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Key Findings

  • Papilledema (optic nerve edema) is associated with increased intracranial pressure due to any cause, such as tumor, craniosynostosis, or intracranial infection

  • Occurs almost equally in boys and girls and sometimes is associated with obesity or upper respiratory tract infection

  • Other associated causes are viral and other infections, corticosteroid use or withdrawal, sinus infection, trauma, tetracycline use, growth hormone supplementation, and venous sinus thrombosis

Clinical Findings

  • Hydrocephalus and intracranial tumors are common causes of papilledema

  • In idiopathic intracranial hypertension (pseudotumor cerebri), neuroimaging is normal but papilledema, headaches, and pulsating tinnitus may be present

  • Early in the illness the patient may not notice a change in vision, although the blind spot may be enlarged

  • Transient obscuration of vision (amaurosis fugax) may occur as the process becomes more long-standing

  • Further effects on vision occur as the papilledema becomes chronic and ultimately leads to optic atrophy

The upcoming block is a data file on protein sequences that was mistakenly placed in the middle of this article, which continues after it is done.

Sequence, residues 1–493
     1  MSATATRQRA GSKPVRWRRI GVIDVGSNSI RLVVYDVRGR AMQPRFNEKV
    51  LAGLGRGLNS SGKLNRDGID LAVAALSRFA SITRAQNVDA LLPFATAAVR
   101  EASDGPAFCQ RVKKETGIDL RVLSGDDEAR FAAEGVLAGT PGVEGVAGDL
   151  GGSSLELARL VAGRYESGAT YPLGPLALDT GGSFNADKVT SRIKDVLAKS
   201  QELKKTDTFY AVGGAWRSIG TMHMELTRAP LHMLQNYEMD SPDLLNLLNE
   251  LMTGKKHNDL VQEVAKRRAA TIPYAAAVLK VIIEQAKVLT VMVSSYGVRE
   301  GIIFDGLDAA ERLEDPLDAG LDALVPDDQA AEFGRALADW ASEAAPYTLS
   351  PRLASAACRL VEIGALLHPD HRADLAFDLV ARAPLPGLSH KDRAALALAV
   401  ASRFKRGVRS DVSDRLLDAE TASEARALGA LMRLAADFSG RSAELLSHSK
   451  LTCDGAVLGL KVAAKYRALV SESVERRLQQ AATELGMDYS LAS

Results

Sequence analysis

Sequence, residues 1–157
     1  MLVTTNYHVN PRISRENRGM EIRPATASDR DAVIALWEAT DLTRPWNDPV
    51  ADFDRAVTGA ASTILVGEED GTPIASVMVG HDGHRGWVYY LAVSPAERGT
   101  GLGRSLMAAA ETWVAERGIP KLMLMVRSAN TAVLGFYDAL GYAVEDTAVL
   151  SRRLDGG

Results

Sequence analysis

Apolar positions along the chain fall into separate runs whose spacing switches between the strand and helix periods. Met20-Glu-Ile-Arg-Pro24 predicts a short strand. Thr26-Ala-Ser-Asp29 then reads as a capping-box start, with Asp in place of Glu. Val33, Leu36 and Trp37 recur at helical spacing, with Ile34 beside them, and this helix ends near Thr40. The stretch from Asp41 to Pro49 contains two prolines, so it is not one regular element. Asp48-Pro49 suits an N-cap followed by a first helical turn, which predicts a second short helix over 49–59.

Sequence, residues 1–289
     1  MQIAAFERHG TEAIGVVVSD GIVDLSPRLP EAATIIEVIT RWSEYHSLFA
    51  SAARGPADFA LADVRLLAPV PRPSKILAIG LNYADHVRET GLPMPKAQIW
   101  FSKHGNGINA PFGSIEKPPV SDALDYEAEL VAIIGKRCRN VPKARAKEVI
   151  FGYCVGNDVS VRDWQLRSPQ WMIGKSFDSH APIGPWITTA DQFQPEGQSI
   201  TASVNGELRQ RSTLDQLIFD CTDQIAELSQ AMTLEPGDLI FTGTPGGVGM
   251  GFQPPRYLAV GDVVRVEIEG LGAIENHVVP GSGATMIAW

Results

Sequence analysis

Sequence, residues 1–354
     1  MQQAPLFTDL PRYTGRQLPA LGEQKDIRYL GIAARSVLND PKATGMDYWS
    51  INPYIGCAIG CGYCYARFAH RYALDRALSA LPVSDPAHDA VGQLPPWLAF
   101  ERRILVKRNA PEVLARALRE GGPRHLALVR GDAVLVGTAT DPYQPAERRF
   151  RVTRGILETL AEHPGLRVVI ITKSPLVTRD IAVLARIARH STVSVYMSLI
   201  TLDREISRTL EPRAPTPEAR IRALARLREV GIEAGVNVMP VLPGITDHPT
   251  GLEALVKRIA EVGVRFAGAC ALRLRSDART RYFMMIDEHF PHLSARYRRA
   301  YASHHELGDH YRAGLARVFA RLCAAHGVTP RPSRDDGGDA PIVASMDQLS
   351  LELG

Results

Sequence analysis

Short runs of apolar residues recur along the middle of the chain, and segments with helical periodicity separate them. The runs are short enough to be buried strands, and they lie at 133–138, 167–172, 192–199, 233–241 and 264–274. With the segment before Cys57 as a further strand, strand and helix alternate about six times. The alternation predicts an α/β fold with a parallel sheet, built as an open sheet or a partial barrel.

• Diplopia (double vision) may occur if increased intracranial pressure results in cranial nerve VI palsy

  • Workup and treatment are directed toward finding the underlying systemic or central nervous system cause


  • Direct visualization of the optic nerve by ophthalmoscopy reveals an elevated disc with indistinct margins, increased vessel diameter, vessel tortuosity, and hyperemia

  • Hemorrhages and exudates are present in more severe cases

  • Observed changes may be subtle to striking

  • Optic nerve head changes are usually bilateral and generally symmetric


  • Idiopathic intracranial hypertension may be treated using acetazolamide or a corticosteroid

  • Discontinue medications that are suspected of causing papilledema

  • Administer anticoagulation if venous sinus thrombosis is present

  • Diagnostic lumbar puncture may also be curative

  • Optic nerve sheath fenestration and ventriculoperitoneal shunt are surgical interventions used when conservative measures fail

  • Strabismus surgery, Botox (botulinum toxin type A) injection of extraocular muscles, and amblyopia treatment may be necessary in cases of associated cranial neuropathies resulting in strabismus

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